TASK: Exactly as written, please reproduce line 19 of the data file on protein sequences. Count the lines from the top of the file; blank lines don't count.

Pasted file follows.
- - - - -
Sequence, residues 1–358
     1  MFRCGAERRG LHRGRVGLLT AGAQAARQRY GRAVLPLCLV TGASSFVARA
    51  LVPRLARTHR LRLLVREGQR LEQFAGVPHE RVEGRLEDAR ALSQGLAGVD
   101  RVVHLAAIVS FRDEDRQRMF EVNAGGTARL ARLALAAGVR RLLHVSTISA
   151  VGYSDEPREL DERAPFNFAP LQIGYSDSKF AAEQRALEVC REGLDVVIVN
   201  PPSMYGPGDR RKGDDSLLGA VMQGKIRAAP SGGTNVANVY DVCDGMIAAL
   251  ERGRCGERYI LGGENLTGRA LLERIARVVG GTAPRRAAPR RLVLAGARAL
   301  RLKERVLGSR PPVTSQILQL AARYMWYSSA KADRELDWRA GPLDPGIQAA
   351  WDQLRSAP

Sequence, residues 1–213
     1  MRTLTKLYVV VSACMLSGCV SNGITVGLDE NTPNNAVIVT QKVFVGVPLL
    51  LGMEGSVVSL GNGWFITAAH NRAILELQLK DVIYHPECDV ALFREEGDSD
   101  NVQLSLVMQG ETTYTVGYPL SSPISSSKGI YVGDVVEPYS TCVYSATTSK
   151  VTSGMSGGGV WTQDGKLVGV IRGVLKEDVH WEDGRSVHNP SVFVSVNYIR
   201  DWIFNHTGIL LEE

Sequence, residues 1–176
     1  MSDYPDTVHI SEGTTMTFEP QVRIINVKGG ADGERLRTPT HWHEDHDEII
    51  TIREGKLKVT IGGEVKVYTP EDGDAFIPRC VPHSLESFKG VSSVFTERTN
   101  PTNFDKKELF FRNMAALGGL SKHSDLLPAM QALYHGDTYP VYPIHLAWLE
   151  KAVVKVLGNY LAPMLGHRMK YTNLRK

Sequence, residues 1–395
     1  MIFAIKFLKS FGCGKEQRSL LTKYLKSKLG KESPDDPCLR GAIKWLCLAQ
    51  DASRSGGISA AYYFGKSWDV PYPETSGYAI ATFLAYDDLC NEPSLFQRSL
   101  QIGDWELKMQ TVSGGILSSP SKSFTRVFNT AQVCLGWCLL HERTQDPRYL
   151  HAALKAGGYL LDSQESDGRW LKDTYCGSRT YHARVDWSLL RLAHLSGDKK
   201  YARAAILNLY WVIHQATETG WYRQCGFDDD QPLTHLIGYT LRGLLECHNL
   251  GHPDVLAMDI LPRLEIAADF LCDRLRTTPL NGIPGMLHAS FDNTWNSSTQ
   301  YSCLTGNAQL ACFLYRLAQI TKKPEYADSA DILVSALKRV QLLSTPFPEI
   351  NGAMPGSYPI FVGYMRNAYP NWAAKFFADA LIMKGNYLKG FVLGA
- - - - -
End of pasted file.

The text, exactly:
   101  PTNFDKKELF FRNMAALGGL SKHSDLLPAM QALYHGDTYP VYPIHLAWLE